Divine Office Forum: Lauds for laity
Lauds for laity QUESTION from Gerard Paul on October 17, 2002 I'm a married, working layman starting to pray the Divine Office. I've been at it for less than a week but I have to say it really enriches my prayer time.
Being a working man I have difficulty meeting the strict canonical morning hours, and as I write this, when I got around to saying the Lauds, it was already approaching 9am (strictly Terce already).
I'm committing myself only to the Lauds, Vespers, and Compline, and I use the Shorter Christian Prayer booklet as my guide. Was my 9am Lauds recitation already out of order? With it my intention was to consecrate my entire daylight hours until the Vespers.
And one more thing, I don't know the old hymns at in the guide. Can they be omitted or recited? I do my Office alone.
Thanks for your advice.
ANSWER by John-Paul Ignatius, OLSM on October 20, 2002 Dear Mr. Paul:
I am happy to se that you are beginning this wonderful prayer of the Church. Yes, it is enriching and the great thing is that when we pray the Divine Office, we are not praying by ourselves but with the ENTIRE Church. What a powerful prayer!
As for Lauds being said at 9am, that is really pushing it. If you just got up I suppose your might squeek this in.
We must remember that this is NOT a personal prayer devotion, but a liturgy of the Church and thus we do not say the Divine Office personally (even if we are alone), we say it with the entire Church and more specifically as to time, we say it with other Catholics at the hours appropriate for our Time Zone.
As a nun said on EWTN one time, if you miss it, you miss it, you can't make it up.
If you are up before 9am but are just busy with getting the kids off to school and that sort of thing, I would suggest getting up about 15-20 earlier and doing the Office first thing.
Otherwise, if it was me, and this is me since because of my illness I am not up early enough for Lauds oftentimes, I just skip to Tierce because by the time 9-10am rolls around it is no longer morning even though I personally may just be getting up.
Below are the portions of the GILH are apply to this issue. I think the bottom line is to consider the thoughts I have expressed and the Instruction below and then follow your conscience. But I would certainly not go beyond 9am to begin Lauds in any event.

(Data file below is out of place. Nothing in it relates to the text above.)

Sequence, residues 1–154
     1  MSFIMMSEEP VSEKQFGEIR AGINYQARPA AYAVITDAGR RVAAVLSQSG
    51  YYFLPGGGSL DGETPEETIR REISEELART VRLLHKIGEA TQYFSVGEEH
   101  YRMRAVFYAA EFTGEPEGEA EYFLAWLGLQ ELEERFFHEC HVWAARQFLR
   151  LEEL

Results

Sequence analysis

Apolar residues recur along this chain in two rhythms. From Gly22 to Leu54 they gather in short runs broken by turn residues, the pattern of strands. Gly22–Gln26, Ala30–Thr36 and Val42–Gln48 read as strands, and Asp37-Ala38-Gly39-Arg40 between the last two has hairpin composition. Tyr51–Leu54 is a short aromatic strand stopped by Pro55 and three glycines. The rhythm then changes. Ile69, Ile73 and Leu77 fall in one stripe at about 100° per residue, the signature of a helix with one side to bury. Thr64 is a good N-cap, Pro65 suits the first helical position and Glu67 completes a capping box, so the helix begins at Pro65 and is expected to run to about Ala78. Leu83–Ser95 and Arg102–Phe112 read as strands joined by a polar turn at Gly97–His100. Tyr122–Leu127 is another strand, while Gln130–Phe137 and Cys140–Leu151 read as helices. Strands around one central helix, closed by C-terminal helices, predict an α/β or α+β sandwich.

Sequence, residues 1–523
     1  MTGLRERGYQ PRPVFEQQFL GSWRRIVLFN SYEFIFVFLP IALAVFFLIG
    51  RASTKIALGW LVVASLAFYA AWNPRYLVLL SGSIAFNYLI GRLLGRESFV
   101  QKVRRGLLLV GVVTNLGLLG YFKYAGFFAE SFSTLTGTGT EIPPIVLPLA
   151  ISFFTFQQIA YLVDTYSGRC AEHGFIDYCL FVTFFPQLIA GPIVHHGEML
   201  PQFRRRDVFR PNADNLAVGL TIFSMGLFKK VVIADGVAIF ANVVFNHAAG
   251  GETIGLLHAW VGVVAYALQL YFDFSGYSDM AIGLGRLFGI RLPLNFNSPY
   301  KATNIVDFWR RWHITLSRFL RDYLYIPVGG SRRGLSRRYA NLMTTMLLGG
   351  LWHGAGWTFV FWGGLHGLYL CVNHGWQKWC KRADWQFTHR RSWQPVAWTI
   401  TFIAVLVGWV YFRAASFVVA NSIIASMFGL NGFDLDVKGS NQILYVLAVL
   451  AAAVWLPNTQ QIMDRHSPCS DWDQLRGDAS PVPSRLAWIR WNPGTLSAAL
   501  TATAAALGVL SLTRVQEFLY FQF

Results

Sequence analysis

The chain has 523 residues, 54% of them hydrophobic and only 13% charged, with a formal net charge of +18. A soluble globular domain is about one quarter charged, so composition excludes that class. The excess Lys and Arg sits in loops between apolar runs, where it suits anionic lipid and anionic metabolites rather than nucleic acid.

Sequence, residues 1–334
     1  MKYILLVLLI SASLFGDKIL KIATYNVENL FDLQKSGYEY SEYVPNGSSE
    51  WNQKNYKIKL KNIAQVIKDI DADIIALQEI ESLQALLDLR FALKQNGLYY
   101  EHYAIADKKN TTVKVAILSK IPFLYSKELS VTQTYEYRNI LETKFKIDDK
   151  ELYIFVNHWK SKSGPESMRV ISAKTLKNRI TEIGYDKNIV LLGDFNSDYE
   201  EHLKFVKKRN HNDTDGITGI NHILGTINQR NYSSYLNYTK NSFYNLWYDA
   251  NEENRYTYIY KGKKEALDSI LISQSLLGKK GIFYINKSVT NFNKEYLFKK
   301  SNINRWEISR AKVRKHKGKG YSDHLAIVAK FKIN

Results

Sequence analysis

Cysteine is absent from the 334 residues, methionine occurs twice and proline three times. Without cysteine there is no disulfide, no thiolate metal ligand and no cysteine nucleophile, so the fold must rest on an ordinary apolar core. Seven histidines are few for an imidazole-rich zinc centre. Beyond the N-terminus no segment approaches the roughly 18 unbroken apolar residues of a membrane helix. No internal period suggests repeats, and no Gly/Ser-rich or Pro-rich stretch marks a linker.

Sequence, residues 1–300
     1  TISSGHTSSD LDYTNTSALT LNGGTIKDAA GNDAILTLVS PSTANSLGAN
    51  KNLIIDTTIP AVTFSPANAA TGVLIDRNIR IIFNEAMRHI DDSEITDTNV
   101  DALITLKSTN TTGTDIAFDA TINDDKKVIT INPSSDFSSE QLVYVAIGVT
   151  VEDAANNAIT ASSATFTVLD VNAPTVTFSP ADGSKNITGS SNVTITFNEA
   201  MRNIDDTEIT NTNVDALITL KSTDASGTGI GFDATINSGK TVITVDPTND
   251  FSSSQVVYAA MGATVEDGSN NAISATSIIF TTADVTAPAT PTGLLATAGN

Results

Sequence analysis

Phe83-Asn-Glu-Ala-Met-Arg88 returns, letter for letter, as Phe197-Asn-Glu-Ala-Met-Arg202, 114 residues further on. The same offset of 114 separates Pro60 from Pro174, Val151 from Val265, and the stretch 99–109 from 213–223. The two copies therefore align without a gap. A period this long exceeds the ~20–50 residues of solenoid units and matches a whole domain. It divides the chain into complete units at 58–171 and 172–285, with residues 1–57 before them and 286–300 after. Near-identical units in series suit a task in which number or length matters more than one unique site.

The General Instruction of the Liturgy of the Hours states:
Consecration of Time 10. Christ taught us: You must pray at all times and not lose heart (Lk 18:1). The Church has been faithful in obeying this instruction; it never ceases to offer prayer and makes this exhortation its own: Through him (Jesus) let us offer to God an unceasing sacrifice of praise (Heb 15:15). The Church fulfills this precept not only by celebrating the eucharist but in other ways also, especially through the liturgy of the hours. By ancient Christian tradition what distinguishes the liturgy of the hours from other liturgical services is that it consecrates to God the whole cycle of the day and the night. 
11. The purpose of the liturgy of the hours is to sanctify the day and the whole range of human activity. Therefore its structure has been revised in such a way as to make each hour once more correspond as nearly as possible to natural time and to take account of the circumstances of life today. 
Hence, that the day may be truly sanctified and the hours themselves recited with spiritual advantage, it is best that each of them be prayed at a time most closely corresponding to the true time of each canonical hour. 
And about Lauds the Instruction states:
38. As is clear from many of the elements that make it up, morning prayer is intended and arranged to sanctify the morning. St. Basil the Great gives an excellent description of this character in these words: It is said in the morning in order that the first stirrings of our mind and will may be consecrated to God and that we may take nothing in hand until we have been gladdened by the thought of God, as it is written: 'I was mindful of God and was glad' (Ps 77:4 [Jerome's translation from Hebrew]), or set our bodies to any task before we do what has been said: 'I will pray to you, Lord, you will hear my voice in the morning; I will stand before you in the morning and gaze on you' (Ps 5:4-5).  Celebrated as it is as the light of a new day is dawning, this hour also recalls the resurrection of the Lord Jesus, the true light enlightening all people (see Jn 1:9) and the sun of justice (Mal 4:2), rising from on high (Lk 1:78). Hence, we can well understand the advice of St. Cyprian: There should be prayer in the morning so that the resurrection of the Lord may thus be celebrated. 
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